The hub of PEI culture is the capital, Charlottetown. There are many artists in this small capital, and those who love the arts will find a home here. With fine arts including pottery, glass jewellery, woodworking, iron works and painting taking centre stage, you will find it tough to leave without a suitcase full of things. As well, the music in PEI is something to look forward to. The island is ripe with Celtic and traditional music and is home to Richard Wood and J.J. Chaisson both award-winning fiddlers. Plus, every summer the island hosts Cavendish Country Music Festival which has brought acts such as Taylor Swift and Keith Urban to the island province. If you are a lover of seafood you will be in for an amazing trip to PEI. With fresh mussels, clams, fish and scallops the island has quickly become known for its amazing small restaurants that serve up great food. You will also need to try Cows Ice Cream, an island staple. Finally, the island residents are some of the nicest people in the world. No matter if you are from the island or a come from away, you will be welcomed with open arms. If you are invited to a kitchen party, make sure to bring your dancing shoes, as once the fiddles come out, the dancing is only a few moments away!

PEI Landmarks

* Green Gables
Made famous by the Canadian author Lucy Maud Montgomery, Anne of Green Gables home has been recreated from the infamous 1908 novels right here in Prince Edward Island. You will be able to meet the red-headed girl in braids and a straw hat, while you walk along the many trails that dot this National Park of Canada. As well, you can enjoy a picnic in the Victorian style, or even take in some traditional songs and dances from extremely talented performers. Anne’s house is always worth a stop, but be warned it is a bit of a popular place, so getting there is going to be essential to a great day in Cavendish county!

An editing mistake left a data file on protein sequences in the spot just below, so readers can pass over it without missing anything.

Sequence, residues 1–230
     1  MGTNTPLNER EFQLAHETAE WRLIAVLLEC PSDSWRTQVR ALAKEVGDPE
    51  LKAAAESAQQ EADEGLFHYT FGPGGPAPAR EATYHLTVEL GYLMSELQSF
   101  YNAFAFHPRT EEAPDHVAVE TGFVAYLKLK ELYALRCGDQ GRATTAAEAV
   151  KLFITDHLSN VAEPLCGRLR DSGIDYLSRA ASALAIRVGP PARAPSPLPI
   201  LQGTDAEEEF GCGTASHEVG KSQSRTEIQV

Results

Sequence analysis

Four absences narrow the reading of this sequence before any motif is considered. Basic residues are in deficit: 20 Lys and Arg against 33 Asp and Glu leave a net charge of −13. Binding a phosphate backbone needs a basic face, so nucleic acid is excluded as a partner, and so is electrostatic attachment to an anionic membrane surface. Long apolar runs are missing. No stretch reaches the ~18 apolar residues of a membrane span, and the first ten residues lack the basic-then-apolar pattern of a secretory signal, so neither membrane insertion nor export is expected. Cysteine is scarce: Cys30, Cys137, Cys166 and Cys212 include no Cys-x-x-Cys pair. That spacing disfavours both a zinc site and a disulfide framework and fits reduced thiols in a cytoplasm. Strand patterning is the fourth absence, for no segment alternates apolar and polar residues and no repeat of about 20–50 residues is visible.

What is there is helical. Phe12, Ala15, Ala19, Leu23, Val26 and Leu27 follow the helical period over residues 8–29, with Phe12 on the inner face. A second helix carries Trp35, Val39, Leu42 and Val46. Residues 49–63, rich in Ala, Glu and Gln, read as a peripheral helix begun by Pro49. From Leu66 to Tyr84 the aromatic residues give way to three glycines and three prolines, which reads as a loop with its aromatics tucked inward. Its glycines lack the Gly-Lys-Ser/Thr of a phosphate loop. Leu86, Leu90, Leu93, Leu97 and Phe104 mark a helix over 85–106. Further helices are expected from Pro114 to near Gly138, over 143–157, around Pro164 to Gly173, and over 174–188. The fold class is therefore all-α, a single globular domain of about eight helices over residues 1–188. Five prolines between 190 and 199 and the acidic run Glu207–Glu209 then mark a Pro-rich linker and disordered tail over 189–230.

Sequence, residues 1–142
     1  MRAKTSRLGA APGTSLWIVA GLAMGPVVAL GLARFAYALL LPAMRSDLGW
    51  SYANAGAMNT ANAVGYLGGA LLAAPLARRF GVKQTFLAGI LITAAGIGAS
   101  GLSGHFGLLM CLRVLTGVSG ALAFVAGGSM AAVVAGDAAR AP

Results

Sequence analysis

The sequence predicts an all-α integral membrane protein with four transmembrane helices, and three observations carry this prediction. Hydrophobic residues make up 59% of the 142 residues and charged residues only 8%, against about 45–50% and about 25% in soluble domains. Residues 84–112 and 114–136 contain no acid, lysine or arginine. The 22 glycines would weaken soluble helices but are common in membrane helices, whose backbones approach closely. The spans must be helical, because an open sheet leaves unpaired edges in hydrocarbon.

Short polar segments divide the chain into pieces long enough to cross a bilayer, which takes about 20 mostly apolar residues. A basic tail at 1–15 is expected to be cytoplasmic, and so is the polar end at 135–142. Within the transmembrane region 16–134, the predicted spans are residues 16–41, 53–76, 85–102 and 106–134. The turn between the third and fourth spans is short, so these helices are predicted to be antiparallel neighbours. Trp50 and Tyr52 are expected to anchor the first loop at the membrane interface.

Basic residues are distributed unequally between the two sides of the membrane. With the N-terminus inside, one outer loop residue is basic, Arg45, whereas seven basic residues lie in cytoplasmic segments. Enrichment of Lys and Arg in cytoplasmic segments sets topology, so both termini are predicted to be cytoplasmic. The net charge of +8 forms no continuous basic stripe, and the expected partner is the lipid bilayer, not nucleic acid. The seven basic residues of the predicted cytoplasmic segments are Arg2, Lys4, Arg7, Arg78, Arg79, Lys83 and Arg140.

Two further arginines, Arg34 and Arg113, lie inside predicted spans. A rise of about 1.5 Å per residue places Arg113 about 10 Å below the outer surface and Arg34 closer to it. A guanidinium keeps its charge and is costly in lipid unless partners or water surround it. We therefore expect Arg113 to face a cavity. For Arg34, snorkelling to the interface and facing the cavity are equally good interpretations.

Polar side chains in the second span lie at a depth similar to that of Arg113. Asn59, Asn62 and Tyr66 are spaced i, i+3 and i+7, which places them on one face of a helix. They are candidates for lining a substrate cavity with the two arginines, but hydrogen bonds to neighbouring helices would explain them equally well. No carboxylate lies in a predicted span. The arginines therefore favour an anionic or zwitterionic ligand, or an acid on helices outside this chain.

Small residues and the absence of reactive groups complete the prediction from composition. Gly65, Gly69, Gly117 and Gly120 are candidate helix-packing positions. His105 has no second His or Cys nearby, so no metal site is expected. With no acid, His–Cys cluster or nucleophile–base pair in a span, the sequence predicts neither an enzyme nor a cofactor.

*Wood Islands Lighthouse
Now an amazing nautical and lighthouse museum, Wood Islands Lighthouse was constructed in 1876 to help aid marine traffic in the Northumberland Strait between Nova Scotia and Prince Edward Island. With its attached dwelling and tower of this style, the lighthouse is the second oldest lighthouse on the island. The lighthouse stopped operation in the mid-1980’s but many of its components have remained and have been turned into a truly amazing museum. Make sure to make a stop in the rum runners room!

*College of Piping and Celtic Performing Arts of Canada
Founded in 1989, the College of Piping and Celtic Performing Arts of Canada has been a culturally significant place on the island since its inception. With piping, drumming and dancing as part of the college's central teachings, the island is alive and well with the sound of Celtic music. With well over 250-year-round students and 200 summer school students the college has continued its fine tradition of teaching. You can also take in performances in the 350-person outdoor Amphitheatre. The college is now a signature attraction on PEI, and they will welcome your visit!